Translating Tinubu’s 8-point agenda to recovery


AFTER three months of haphazardness, President Bola Tinubu is finally cobbling together a coherent economic plan. The three-year economic revival plan that emerged from his inaugural Federal Executive Council meeting and anchored on an ‘Eight-Point Agenda,’ is targeted at addressing Nigeria’s socioeconomic challenges. Though the plan has not been fleshed out with details, sector-specific targets, and timelines, it suggests that impulsiveness is giving way back to planning, preparation, and consultation.

Tinubu told the ministers to deliver the first phase of agenda within three years, reminding them of the prevailing adversity, unemployment, insecurity, and poverty.

The highlights as provided by the administration’s economic point man, Wale Edun, are food security; poverty eradication; growth, job creation; access to capital; inclusion; rule of law; and fighting corruption.

It seeks to move away from the frenzied borrowing of the last government, check the “unacceptably high” jobless rate, achieve economic growth, “prosperity for all,” and end poverty.

Translating these into desirable results is the challenge, particularly the promise to create 50 million jobs. As Tinubu and the ministers noted, the country is in a bad position. Inflation has risen even higher on the twin triggers of petrol subsidy stoppage and consequent higher pump prices, and the unification of official and parallel exchange rates that has pummelled the naira. Inflation was 24.08 per cent in July, the highest since 2005.

Unemployment is reckoned by global agencies at over 40 per cent, and the youth segment at 53.4 per cent. With $1 exchanging for N915-N920 at the parallel market, and petrol, diesel, and other lubricants prices skyrocketing, there is no respite yet.

Manufacturing production value shed N720 billion in 2022, reported the Manufacturers Association of Nigeria, from N7.39 trillion in 2021 to N6.67 trillion in 2022. MAN blamed the harsh operating environment, record inflation, high interest rates, high energy costs, forex illiquidity, multiple taxation, and raw materials scarcity. Along with the power quagmire, and insecurity, these are the problems the Tinubu team needs to solve very quickly.

There are encouraging signals: one is his emphasis on ministerial performance. Tinubu’s message that their appointments are based on service-delivery and can be revoked any time is welcome. For 24 years, the system has been tolerating an endless stream of corrupt, underperforming ministers. He should as he has promised, promptly sack failures.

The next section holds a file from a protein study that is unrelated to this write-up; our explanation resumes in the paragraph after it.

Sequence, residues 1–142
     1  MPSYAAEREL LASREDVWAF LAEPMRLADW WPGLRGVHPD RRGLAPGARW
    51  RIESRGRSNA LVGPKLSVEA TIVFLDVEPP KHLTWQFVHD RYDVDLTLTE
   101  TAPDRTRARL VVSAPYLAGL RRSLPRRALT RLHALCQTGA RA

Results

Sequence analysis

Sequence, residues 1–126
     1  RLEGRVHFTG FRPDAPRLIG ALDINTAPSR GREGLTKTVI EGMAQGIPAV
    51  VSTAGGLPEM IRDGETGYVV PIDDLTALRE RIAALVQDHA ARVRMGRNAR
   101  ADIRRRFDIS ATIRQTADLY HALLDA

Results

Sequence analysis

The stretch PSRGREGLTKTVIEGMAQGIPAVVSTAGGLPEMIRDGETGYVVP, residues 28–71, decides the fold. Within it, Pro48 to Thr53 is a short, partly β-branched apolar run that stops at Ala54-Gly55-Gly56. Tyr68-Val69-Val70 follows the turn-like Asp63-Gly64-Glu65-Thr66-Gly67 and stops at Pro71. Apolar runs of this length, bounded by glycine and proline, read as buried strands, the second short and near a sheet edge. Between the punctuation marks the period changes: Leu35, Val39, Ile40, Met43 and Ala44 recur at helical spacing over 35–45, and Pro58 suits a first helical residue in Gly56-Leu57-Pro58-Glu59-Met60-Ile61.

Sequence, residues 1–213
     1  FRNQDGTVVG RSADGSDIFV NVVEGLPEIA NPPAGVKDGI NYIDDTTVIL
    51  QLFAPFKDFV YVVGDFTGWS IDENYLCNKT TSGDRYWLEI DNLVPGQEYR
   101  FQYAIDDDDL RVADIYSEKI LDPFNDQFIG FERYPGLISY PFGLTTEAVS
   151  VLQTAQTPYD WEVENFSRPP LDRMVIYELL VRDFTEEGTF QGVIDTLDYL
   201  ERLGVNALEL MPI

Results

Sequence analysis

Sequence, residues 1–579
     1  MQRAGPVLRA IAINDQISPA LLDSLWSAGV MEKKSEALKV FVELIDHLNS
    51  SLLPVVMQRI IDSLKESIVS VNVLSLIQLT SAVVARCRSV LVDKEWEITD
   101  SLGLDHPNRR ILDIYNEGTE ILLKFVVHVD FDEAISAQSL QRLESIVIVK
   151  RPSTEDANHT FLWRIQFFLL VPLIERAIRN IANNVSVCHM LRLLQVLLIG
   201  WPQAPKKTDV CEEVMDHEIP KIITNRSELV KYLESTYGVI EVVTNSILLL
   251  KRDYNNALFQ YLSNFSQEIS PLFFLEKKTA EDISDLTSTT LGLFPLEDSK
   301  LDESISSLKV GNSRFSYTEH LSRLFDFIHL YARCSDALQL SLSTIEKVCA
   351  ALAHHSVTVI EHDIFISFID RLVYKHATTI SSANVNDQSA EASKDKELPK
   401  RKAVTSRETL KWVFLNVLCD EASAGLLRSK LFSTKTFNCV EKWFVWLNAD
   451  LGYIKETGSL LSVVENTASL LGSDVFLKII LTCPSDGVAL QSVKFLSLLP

The recognition of its people and its youth as “Nigeria’s most important asset” should be taken effectively beyond rhetoric through stimulus programmes, inclusivity, training and skills acquisition and entrepreneurship, and provision of free education up to secondary level, and affordable higher education. Job creation should be the preeminent objective of all economic plans.

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But there were some important things yet left unsaid or not emphasised. Unlike his predecessors, Tinubu should reach for the low-hanging fruits of privatisation and concessions, liberalisation, and cost-cutting.

Already, he is repeating the mistake of holding on to the four moribund state-owned refineries, a recipe for failure. Privatise them without any further delay transparently and targeting reputable players. Similarly, immediately privatise Ajaokuta Steel Company and all other steel sector assets. Yet another plan to “revive” ASC is guaranteed self-subversion.

Then, liberalise the railway sector to free the industry for foreign investment inflow for cargo haulage, instead of the politically-influenced passenger routes being built with endless Chinese loans.

Tinubu must drastically slash the cost of governance; reduce the armies of political aides and appointees, slash the Presidential Air Fleet, the number of ministries, departments, and agencies, extend the curb on foreign trips, and radically reduce luxuries and vehicle purchases.

Budgeting should henceforth be based on needs, not the corruption-driven ‘envelope’ system that facilitates the theft of public funds from the budgeting stage.

There should be effective stimulus for SMEs and start-ups, especially access to low-interest credit, power, and access roads. Insecurity needs to be tamed.

Solving the power crisis must be a priority. Tinubu should rally the 36 state governments to transform to self-reliant, autonomous productive units with their own economic plans and targets. He should lead the campaign for restructuring, without which the country cannot leap.

He should promptly hammer out the details, set realisable targets, and partner with the private sector. Above all, he should stop the massive systemic financial leakages and fight corruption tenaciously and strategically. ,

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